Etymology
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trough (n.)

Old English trog "wooden vessel, tray, hollow vessel, canoe," from Proto-Germanic *trugaz (source also of Old Frisian, Old Saxon, Old Norse trog, Middle Dutch troch, Dutch trog, Old High German troc, German trog), from PIE *dru-ko-, from root *deru- "be firm, solid, steadfast," with specialized senses "wood, tree" and derivatives referring to objects made of wood. Originally pronounced in English with a hard -gh- (as in Scottish loch); pronunciation shifted to "-ff," but spelling remained.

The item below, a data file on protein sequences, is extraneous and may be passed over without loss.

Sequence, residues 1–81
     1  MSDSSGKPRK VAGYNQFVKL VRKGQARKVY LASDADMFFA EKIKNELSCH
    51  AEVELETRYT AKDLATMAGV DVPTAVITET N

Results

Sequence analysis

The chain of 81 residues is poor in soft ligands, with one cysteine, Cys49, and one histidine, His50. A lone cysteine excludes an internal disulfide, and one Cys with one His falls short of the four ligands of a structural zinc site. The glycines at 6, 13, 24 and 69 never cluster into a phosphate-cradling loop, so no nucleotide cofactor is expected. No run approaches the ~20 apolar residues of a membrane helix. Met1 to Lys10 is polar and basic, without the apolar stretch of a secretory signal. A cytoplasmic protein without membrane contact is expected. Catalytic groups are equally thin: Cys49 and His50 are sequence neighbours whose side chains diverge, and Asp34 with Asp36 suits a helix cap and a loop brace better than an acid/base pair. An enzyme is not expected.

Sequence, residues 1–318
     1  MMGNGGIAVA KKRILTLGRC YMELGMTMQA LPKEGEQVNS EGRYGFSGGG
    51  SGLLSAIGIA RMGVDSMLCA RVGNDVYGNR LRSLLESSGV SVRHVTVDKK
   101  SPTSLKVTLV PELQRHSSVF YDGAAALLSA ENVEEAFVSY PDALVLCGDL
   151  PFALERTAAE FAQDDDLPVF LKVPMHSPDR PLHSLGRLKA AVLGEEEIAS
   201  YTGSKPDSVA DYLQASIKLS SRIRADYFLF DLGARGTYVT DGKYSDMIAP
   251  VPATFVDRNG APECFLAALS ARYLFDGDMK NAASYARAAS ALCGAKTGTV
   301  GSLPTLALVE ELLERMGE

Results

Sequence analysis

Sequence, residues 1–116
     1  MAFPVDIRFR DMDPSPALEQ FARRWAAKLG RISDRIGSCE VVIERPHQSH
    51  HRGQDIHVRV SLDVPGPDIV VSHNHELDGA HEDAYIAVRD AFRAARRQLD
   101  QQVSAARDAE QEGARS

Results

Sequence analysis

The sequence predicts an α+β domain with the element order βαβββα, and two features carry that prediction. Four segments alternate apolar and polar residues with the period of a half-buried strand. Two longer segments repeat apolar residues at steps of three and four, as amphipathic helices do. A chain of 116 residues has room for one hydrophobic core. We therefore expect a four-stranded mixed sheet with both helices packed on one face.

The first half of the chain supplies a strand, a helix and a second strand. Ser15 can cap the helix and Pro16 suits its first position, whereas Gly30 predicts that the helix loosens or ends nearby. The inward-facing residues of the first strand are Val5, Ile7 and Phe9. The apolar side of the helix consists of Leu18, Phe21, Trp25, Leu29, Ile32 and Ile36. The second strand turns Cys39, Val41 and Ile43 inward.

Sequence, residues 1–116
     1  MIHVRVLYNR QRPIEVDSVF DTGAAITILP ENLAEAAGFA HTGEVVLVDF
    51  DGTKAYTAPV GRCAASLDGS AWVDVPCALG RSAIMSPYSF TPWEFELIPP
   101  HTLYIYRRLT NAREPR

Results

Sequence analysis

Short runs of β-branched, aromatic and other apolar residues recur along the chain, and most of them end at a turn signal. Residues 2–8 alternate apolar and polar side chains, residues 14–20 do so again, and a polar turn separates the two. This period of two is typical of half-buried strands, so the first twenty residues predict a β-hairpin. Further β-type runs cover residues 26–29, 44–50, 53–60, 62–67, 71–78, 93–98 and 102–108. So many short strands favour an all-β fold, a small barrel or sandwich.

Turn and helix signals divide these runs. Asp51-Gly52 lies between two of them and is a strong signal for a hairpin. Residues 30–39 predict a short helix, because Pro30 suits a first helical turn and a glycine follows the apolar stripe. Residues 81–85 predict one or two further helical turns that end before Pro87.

updated on April 27, 2017

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Definitions of trough from WordNet

trough (n.)
a narrow depression (as in the earth or between ocean waves or in the ocean bed);
trough (n.)
a channel along the eaves or on the roof; collects and carries away rainwater;
Synonyms: gutter
trough (n.)
a concave shape with an open top;
Synonyms: bowl
trough (n.)
a treasury for government funds;
Synonyms: public treasury / till
trough (n.)
a long narrow shallow receptacle;
trough (n.)
a container (usually in a barn or stable) from which cattle or horses feed;
Synonyms: manger
From wordnet.princeton.edu, not affiliated with etymonline.